On of Ignacio’s posts refers to ‘Digital Storytelling’ and the use of audio materials. I don’t run groups and although potentially in my job there could be a role for me to develop some groupwork, at the moment, it hasn’t been my priority on the basis of time available. I do listen to podcasts constantly though – like the author of that post – I much prefer audio information to video – because I can listen while going to work.
I tend to use podcasts for personal development, information and entertainment but there is fantastic material ‘out there’ if you go looking for it. I’d love to use audio a bit more – talking through theoretical approaches. It may be a project I work on in the future although if I do, because of tedious stuff like ‘recognisable voices’ it is more likely something I’d make available by request rather than openly.
At work a colleague of mine has made CDs for a service user who cannot read and send him ‘audio letters’. He listens to these sometimes when he is feeling over-anxious. It has been a great use of audio in a therapeutic setting. It wouldn’t work for everyone but there is a place in some situations.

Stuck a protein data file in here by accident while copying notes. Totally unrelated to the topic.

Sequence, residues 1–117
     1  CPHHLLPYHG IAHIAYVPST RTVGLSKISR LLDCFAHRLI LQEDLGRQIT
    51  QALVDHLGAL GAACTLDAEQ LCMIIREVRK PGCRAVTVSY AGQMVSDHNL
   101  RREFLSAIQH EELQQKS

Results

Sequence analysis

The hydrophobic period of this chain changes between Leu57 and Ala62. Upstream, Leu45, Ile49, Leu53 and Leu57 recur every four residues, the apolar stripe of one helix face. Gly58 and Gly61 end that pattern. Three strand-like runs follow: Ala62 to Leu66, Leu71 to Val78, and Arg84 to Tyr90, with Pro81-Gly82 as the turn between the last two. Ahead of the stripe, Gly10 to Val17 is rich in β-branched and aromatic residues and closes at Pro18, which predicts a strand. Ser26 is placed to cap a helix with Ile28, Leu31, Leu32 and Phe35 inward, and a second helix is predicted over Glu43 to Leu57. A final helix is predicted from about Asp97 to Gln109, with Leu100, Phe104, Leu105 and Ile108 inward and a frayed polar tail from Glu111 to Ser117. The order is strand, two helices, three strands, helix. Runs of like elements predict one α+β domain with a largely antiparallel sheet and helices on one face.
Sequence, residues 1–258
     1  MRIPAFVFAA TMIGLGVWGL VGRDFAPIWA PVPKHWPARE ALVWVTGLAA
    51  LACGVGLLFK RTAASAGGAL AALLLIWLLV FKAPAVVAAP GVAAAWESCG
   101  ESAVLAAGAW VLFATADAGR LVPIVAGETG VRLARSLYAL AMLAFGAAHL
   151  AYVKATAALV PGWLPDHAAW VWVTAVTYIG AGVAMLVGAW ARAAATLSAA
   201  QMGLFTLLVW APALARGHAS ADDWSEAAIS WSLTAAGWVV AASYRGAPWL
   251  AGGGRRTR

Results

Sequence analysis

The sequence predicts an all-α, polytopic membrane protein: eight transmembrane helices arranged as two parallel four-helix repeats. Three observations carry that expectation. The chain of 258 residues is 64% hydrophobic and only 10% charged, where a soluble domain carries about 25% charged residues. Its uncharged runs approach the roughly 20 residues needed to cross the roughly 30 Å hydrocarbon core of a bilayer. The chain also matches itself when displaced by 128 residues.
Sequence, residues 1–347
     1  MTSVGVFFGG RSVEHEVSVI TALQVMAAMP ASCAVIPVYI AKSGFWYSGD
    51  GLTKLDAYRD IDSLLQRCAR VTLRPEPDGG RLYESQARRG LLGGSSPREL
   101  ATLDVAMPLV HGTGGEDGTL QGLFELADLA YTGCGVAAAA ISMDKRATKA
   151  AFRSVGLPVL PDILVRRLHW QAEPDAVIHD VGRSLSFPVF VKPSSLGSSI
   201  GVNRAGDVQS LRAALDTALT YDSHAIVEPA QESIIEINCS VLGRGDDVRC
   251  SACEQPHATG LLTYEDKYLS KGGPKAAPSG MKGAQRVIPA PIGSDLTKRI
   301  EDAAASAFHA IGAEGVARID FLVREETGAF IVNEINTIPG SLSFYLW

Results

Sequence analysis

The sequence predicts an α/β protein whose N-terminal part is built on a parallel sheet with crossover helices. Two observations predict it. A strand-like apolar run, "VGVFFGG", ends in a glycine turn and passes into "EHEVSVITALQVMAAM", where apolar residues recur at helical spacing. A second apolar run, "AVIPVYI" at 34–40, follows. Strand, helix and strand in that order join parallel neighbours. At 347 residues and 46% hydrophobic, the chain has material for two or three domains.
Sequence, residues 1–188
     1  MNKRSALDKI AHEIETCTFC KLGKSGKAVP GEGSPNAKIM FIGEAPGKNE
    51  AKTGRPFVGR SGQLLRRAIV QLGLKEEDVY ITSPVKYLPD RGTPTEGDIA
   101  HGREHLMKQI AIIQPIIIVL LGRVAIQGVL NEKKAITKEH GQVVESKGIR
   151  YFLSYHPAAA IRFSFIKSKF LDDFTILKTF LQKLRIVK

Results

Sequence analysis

I think I’ll come back to podcasts specifically in another post. I have a lot more to say about audio than I thought I did!
I know a lot of colleagues shy away from the overuse in technology in ‘downtime’ but it is something that is being incorporated increasingly into our lives.
For me, it is important that I keep learning, keep developing and keep improving both in my work and in my knowledge base which often I have to grow outside the work day. Technology is vital for that. It might not be something that is necessarily welcomed but the use of information should be invited in all its forms.
I’d recommend going to look at the Social Work Tech Blog. It’s both an interesting concept for developing professional practice but it is also has a lot of good ‘how to’ guides for those who might not be familiar with some of the software available.
I’d be interested to know about other peoples’ uses of technology in general and how it has worked for you. Please do leave comments if you want to share..
Meanwhile, I might try to develop to ‘resource’ posts which collate some of the information gathering that I’ve been occupying myself with through various sources over the years!
- Free access to Journal of Social Work Practice (nechakogal.wordpress.com)